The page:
Ian and Julian had a cunning plan. I had been supposed to go to the flamenco show on Saturday with Alex but he hadn't got round to buying the tickets so J&I decided it would be better for me to see the show about Ian Dury, 'Hit Me!' They were right. Whilst Ian waved Julian off at Edinburgh Waverley I climbed the long twisty stairs to the top of the Teviot to wait for the show, being given a £10 of Waitrose voucher which has already paid for the show.
Hit Me! was fab. What can I say? It was a two man show based on Dury and his friend/helper, a big man with a criminal record and a strong sense of right and wrong who seems to have kept Dury from being a bigger dick than necessary. Dury's somewhat self-destructive life, his huge ego and his similarly huge talent were powerfully portrayed. The songs were, as always, wonderful. The staging consisted simply of a pivoting unit; one side a scummy bedsit, the other a more upscale living room which appeared as the show progressed and Dury moved up in the world. Obviously, the size of the unit and the feel of the action remained cramped apart from when Dury escaped out of it to stand, singing like a man possessed, in front of projected Blockhead images. I'm not sure the final scene worked for me. Recently dead, Dury, in white top hat and tails, dances onto stage with graceful ease for a final song. I guess the religious would see this as a happy release from a damaged body and a redemption of sorts. To me it was an upbeat ending that was unnecessary. Dury's flawed life and towering achievements are sufficient.
Ian met me out of the show and confirmed that he'd put poor broken Julian on the train home and we would get updates as the journey progressed. I was sad to see Julian go. He's the easiest companion imaginable, mainly by, as he claims, just not caring. He goes along with just about anything as long as he is allowed an occasional visit to a bookshop and he amuses us very much. From now on we will just have to make do without him until Novacon.
We went to our final restaurant, the Nile Valley on Chapel Street, a Sudanese cafe which, as always, provided us with delicious food very quickly which let us make it to the next venue early enough to catch the act before the one we were aiming for. Fine. This was our foray into the FreeFringe and was well worth the visit.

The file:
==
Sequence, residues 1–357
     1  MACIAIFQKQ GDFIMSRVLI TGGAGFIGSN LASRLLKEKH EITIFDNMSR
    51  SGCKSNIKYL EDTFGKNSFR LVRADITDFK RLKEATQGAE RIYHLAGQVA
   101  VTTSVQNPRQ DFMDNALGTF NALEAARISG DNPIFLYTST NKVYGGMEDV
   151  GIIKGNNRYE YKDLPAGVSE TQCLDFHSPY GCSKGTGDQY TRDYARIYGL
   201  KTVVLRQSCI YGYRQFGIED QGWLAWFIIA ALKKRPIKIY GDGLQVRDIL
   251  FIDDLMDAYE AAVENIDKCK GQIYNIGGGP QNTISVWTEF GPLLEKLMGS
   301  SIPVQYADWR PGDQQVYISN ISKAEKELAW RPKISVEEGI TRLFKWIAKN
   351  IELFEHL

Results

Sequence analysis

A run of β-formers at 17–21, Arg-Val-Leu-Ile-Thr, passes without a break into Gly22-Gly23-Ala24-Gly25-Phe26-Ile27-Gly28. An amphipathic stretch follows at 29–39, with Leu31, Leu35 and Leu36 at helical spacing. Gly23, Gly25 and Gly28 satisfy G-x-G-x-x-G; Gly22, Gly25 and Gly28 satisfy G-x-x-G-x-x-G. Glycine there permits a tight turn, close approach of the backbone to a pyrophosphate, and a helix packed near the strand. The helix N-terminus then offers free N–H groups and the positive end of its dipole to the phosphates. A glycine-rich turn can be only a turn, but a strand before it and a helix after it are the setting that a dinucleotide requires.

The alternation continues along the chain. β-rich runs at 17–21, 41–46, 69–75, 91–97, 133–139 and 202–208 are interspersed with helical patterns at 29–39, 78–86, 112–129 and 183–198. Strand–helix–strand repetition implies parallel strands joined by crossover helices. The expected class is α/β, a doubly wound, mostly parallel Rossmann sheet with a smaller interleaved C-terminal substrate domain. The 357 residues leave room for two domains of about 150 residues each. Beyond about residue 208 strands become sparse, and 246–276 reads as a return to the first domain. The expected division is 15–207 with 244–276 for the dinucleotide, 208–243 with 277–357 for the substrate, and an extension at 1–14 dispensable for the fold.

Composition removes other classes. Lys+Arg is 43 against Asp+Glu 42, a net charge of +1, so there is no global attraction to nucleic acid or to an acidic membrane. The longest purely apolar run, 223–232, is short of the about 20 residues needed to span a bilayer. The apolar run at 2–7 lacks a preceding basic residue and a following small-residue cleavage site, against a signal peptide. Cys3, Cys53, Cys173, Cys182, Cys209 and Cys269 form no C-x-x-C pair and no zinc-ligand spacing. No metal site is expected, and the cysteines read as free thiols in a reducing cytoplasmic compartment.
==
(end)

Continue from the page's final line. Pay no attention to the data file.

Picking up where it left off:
We managed to squeeze, last comers, into the tiny hot room at the Counting House. Lewis Schaffer, a New York jewish comedian living in London, is 'Free Until Famous'. I enjoyed this show very much, especially as I was sitting next to the fan. Lewis spent the hour commenting on how rubbish we in the UK are which strangely endeared him to us. Ian commented he reminded him of Greg Proops. I liked him more than that.
We adjourned to the bar whist the next act set up and tuned her guitar then trooped back in for another miserably hot hour with Lara A King. She had been recommended by Fascinating Aida on Friday night. She'd been their warm up act for their last tour and they spoke well of her. It was a strange hour; a combination of stand-up and serious songs. Most of the comedy left me cold; as someone who only turns the TV on for Doctor Who and the new Sherlock Holmes, comments about daytime TV and current advertising campaigns, no matter how apposite, meant nothing to me. The songs, on the other hand, were worth going for on their own. I'd have liked back to back songs really. Never mind. I took one of the free-but-a-donation-would-be-appreciated CDs when we left but it doesn't have her last song. She finished with Summer with Monica, one of my favourite Roger McGough poems set to music. As a sing along. I'd turn up for that anytime. If she put the whole book to music I'd be even happier. Many years ago at Freshers week at Sheffield Poly, Roger McGough read from Summer with Monica at the Psalter Lane campus, the one SHU have just demolished. I'm feeling old as they remake Sheffield around me but Summer with Monica is still lovely.